I also harked back to a time in my life when a close friend of mine ran a giatric day care program and assured to me that most of the participants never should have wound up there … they had simply allowed themselves to grow old.
As I entered my 60's, I decided that I would not follow the time-worn pathway of the aging process in our society, but would find my own trails. I updated my exercise regimen to allow for age and arthritis, modified my nutritional intake, and increased my connections with the outside world. I quit expecting deference from others due to age and infirmity (perceived or real) and went about the business of living as I had lived in my 40's and 50's, with acceptance of those things which had changed, but without using them as an excuse for existence. I straightened my back, strengthened my muscles, and shouldered my share of life's burdens.
I am, in a sad way sometimes, rewarded as I look around at others my age. They are more and more stooped and bowed with each passing year, yet my head is high and my step is firm. They fear their existence and its end more and more while I go out and enjoy each day just as I have for years, looking forward to the excitements and pleasures the day will bring. They begin to fear that they will not be here much longer while I am planning what I am going to do in my 70's, 80's, 90's … and maybe beyond.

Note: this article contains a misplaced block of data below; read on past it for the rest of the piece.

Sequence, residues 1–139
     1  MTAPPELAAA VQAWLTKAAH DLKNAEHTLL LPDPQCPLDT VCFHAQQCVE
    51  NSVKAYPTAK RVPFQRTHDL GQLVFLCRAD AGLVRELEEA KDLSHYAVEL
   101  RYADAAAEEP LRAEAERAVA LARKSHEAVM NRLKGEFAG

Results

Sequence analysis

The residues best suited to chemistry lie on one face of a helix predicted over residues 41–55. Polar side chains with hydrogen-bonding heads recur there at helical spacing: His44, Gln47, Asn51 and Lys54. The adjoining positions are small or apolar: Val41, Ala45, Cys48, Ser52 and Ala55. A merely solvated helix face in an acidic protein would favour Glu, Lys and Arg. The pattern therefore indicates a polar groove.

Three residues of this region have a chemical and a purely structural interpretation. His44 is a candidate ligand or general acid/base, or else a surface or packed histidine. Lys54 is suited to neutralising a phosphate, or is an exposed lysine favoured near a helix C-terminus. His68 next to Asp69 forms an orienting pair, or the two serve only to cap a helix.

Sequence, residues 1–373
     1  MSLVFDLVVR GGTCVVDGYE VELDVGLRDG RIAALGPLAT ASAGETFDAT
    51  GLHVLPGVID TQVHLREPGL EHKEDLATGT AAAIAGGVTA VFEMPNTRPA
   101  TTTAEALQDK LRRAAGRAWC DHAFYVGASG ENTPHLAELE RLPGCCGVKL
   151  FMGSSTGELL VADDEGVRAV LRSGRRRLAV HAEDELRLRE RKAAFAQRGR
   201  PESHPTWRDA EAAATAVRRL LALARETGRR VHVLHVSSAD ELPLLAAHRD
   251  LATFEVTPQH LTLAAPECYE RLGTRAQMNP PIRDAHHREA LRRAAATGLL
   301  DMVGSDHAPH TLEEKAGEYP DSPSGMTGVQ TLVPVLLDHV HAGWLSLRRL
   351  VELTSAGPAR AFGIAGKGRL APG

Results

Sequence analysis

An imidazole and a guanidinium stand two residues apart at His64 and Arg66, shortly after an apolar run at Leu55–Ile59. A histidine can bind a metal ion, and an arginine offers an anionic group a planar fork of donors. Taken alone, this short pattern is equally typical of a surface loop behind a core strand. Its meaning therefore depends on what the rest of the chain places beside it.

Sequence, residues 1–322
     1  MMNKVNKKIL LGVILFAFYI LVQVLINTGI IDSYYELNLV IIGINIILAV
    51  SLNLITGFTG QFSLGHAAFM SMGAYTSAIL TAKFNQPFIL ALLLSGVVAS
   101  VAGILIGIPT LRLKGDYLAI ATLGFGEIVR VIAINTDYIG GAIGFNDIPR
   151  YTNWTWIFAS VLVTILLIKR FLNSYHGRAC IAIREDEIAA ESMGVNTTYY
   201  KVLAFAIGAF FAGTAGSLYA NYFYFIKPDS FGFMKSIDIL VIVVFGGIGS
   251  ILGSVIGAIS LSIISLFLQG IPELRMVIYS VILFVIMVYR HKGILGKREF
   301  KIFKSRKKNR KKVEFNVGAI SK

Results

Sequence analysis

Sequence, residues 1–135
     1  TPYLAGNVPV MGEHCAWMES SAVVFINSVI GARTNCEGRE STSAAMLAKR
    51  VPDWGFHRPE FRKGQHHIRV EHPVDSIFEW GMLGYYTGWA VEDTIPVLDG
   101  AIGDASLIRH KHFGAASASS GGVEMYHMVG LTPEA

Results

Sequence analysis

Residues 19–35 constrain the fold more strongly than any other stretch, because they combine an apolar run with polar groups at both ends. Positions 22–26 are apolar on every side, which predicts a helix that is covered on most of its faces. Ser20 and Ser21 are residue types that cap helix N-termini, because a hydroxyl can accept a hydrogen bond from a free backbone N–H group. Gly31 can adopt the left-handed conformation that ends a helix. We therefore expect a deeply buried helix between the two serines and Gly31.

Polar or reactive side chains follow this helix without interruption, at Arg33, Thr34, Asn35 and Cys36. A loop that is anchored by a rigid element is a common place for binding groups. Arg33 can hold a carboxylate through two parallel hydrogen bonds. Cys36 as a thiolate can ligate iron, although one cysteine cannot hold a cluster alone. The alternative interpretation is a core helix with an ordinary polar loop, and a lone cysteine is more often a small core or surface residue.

I have also found that simply refusing to “act my age” and demanding that I act in life and react to life as I did in earlier years has been an effective tool in combating many of the more deleterious effects of the aging process. Oh, I have my aches, my pains, and my wrinkles, but I do not allow them to define or limit my life for the most part. This is a conscious act on my part, but with time, it has become reliably unconscious, and the rewards are observable and palpable.
William Shakespeare said in Macbeth:
“All the world's a stage, and all the men and women merely players: they have their exits and their entrances; and one man in his time plays many parts, his acts being seven ages.”
None of us has the final say over when the play will end, but we do have control over how we play our parts, and I will assume control of the final ages of my life.